APPLY Senior officer (O5/O6) and all Commanding Officer (CO)/ Officer-in-Charge (OIC) billet assignments are determined at the annual National Command and Senior Officer (O5/O6) Non Command Board otherwise known as the APPLY Board. The APPLY Board takes place every August in Millington, Tenn. and only considers officers who submit an application, referred to as a dreamsheet, of requested billets in Reserve Force Manpower Tools (RFMT). APPLY allows you to determine the level of responsibility you are willing to take, such as unit CO or OIC, and the amount of travel you are willing to accept to drill at the unit location, often at your own expense. APPLY is a four step process. The first two steps are the responsibility of the member while the last two steps are the responsibility of the APPLY Board and associated panels, in the evaluation of your record and slating to a billet. STEP 1: Review your record! Check your record before every APPLY cycle and every promotion Board. • If you go on active duty or are still on active duty when applying for a billet, your record may be missing some billet history details. Check your record and correct the gaps. • If  your community requires specific credentials (Acquisition, Medical, Chaplain, Engineering, etc.) or professional registrations, make sure your credentials and appropriate Additional Qualification Designators (AQD) are listed • If your record is missing information (FITREPS, credentials, etc.), write a letter to the Board. Be brief and succinct, document what is missing and send the appropriate attachments. The letter to the Board does not stay with your record; it is for a single Board purpose only. The Board only sees your letter during the confidence factor voting (Step 3) . STEP 2: APPLY registration and dreamsheet submission. In RFMT, you are required to validate your current assignment and personal info as well as update your billet history. In the “remarks” section of the dreamsheet application, you are encouraged to provide remarks to the APPLY Board regarding your desire and qualifications to fill certain billets. • W  riting remarks is vital! Don’t miss your only chance to express your desire and justification for your preferred billets. Neither your record nor your letter to the Board goes to the slating process (see Step 4). You may apply for up to 35 billets. Increase your assignment opportunities and apply for as many billets as you can.

28     |     THE NAVY RESERVIST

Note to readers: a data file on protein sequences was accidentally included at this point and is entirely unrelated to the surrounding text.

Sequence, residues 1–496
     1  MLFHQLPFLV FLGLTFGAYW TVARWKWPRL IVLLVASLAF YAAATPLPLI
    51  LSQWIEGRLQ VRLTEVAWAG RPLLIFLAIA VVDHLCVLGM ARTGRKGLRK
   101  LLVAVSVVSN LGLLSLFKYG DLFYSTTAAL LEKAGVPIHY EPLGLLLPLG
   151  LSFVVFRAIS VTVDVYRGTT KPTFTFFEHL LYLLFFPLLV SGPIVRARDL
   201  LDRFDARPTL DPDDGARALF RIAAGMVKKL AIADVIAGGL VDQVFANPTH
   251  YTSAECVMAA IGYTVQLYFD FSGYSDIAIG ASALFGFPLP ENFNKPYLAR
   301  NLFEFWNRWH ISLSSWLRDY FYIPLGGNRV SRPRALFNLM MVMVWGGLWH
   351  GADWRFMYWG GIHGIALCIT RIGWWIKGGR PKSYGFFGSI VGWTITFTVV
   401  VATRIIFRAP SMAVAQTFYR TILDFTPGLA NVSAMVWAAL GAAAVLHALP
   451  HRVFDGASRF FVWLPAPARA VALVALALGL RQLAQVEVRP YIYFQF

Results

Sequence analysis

• State your willingness to accept billets not listed on your dreamsheet and the distance you are willing to travel for these billets—these are referred to as “suggested” billets. This optional selection may present you with overlooked assignments. Unlike your dreamsheet billet, there is no penalty to decline a “suggested” billet. STEP 3: Confidence Factor. At this point, the APPLY Board has convened! A Board member will review and brief your record to the panel. Board members will then vote to determine a confidence factor. • Each Board member will see your OSR/PSR, listen to your record summary by the briefer, and your letter to the Board (if submitted). All Board members will determine the confidence they have in your ability to hold the toughest jobs. Records are only reviewed one time! Your record is scored by all Board members who use the following criteria to rank a record: » 100 – Highest confidence » 75 – Strong confidence » 50 – Good confidence » 25 – Low confidence » 0 – No confidence STEP 4: Slating. The final step is slating you to a billet. The billets are introduced to each panel in random order, and the officers who applied for the billet, ranked in confidence factor order, will come before the Board for slating. • Your top remaining billet choices are shown as well as your qualifications, your billet history, and the comments you made to the Board in the “remarks” section. • Your remarks should relate to your ability to perform the billets you selected. Tell the Board about your qualifications aligning with the requirements of the billets on your dreamsheet. Board members do not see your letter to the Board during the slating process; they only see what you submitted in the remarks section on your dreamsheet in RFMT. • Individuals are slated to billet choices based on confidence factor ranking and the top choice of remaining billets. If someone with a higher confidence factor receives your top billet choice, you may be slated to your next billet choice if qualified to fill that billet. • N  ot receiving a billet at APPLY is not necessarily indicative of a low confidence factor. Often it is the result of officers not maximizing the number of billets they can list on their dreamsheet.